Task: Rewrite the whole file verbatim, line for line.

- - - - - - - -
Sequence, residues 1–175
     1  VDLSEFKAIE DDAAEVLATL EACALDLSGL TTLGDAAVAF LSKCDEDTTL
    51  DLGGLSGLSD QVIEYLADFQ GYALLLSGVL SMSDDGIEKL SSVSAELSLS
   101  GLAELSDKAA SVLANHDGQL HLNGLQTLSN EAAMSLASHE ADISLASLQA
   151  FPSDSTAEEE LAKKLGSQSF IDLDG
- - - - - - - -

Sequence, residues 1–175
     1  VDLSEFKAIE DDAAEVLATL EACALDLSGL TTLGDAAVAF LSKCDEDTTL
    51  DLGGLSGLSD QVIEYLADFQ GYALLLSGVL SMSDDGIEKL SSVSAELSLS
   101  GLAELSDKAA SVLANHDGQL HLNGLQTLSN EAAMSLASHE ADISLASLQA
   151  FPSDSTAEEE LAKKLGSQSF IDLDG